In Agreement With Hyman

Letter to the Editors

To the editors:

I would like to correct an erroneous attribution to me in Friday’s Crimson (News, “Navigating the Caregivers,” Jan. 16). I did not, as stated there, “disagree[s] with [Provost] Hyman,” as the interviewer did not inform me of the Provost’s perspective or apprise me of his remarks with which I could either agree or disagree. In fact, the provost and I are in broad agreement, including sharing the goal of providing the best-available treatments of mental disorders and the most appropriate services to address students’ particular concerns and difficulties. I appreciate his recognition of the high level of student satisfaction with the Bureau. And I share his respectful and responsive attitude toward students, reflected in his sensitivity to the dilemma of referring them to other services in such a way that they do not feel rejected.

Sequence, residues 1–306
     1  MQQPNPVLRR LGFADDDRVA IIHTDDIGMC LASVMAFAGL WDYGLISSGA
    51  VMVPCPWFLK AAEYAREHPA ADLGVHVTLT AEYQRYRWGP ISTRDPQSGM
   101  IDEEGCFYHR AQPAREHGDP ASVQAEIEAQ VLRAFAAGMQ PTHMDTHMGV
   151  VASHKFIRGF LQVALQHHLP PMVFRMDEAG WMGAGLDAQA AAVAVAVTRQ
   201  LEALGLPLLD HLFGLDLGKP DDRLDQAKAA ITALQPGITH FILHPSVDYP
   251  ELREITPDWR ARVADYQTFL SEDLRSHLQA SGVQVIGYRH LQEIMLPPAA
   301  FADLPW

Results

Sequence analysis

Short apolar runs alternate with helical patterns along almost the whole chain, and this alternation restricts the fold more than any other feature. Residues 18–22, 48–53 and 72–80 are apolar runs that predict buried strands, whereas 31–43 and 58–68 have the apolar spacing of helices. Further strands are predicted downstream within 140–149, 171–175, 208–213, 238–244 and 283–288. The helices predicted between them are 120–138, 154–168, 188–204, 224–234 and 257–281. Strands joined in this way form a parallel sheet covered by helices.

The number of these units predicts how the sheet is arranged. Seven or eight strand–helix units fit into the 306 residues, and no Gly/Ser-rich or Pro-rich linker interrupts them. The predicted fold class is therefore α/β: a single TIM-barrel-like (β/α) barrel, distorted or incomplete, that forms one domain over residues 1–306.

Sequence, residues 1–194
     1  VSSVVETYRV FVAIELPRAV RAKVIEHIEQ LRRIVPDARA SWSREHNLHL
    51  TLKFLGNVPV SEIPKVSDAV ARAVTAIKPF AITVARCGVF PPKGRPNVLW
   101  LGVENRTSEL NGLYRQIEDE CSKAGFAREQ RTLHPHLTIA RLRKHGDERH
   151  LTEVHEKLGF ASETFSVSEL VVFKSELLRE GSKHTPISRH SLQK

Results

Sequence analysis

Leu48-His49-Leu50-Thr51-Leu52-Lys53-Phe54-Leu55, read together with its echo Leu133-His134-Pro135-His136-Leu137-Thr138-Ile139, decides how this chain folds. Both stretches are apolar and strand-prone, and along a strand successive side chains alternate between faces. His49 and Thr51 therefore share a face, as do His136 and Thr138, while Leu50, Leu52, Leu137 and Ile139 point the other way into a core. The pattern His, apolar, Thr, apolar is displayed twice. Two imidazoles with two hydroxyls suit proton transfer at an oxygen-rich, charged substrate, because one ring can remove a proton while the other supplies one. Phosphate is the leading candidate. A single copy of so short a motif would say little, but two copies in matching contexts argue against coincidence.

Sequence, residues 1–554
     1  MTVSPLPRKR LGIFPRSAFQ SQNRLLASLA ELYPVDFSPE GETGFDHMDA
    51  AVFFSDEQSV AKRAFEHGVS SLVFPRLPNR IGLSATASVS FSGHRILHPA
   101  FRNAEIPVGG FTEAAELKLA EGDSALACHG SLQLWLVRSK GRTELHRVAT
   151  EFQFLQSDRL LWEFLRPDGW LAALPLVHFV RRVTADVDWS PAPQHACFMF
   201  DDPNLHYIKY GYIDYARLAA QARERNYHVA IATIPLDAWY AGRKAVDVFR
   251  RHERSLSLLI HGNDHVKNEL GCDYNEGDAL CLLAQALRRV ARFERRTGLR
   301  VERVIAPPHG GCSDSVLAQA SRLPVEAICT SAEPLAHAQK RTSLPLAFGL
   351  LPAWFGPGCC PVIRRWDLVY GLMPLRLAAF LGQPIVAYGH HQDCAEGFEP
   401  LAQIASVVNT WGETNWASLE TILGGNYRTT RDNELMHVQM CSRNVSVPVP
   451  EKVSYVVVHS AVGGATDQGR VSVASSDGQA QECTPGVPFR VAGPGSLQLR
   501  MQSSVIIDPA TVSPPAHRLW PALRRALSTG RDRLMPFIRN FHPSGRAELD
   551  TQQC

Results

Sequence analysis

The Bureau does offer a broad range of academic and psychological services, as it has for its entire near 60 year history. But students who have serious mental illness or have been under psychiatric care for a clinical condition prior to coming to Harvard should receive psychiatric services at the University Health Services Mental Health Service (MHS). My remark about “one-stop shopping” for most students should not be misconstrued as contradicting that viewpoint. Students may simultaneously avail themselves of different services at the Bureau and MHS, which share a collegial and collaborative relationship and regularly refer students to each other as appropriate.

I am also in complete agreement with the quoted desire of Dr. Paul Barreira, chair of the Mental Health Task Force, to “keep the Bureau of Study Counsel focused on its role as one portal of entry for students to get help, but also to be able to use all the mental health services that are available to provide treatment.” The Bureau awaits the full report and recommendations of the Task Force as to how best to accomplish this goal.

CHARLES P. DUCEY

Jan. 20, 2004

The writer is director of the Bureau of Study Counsel.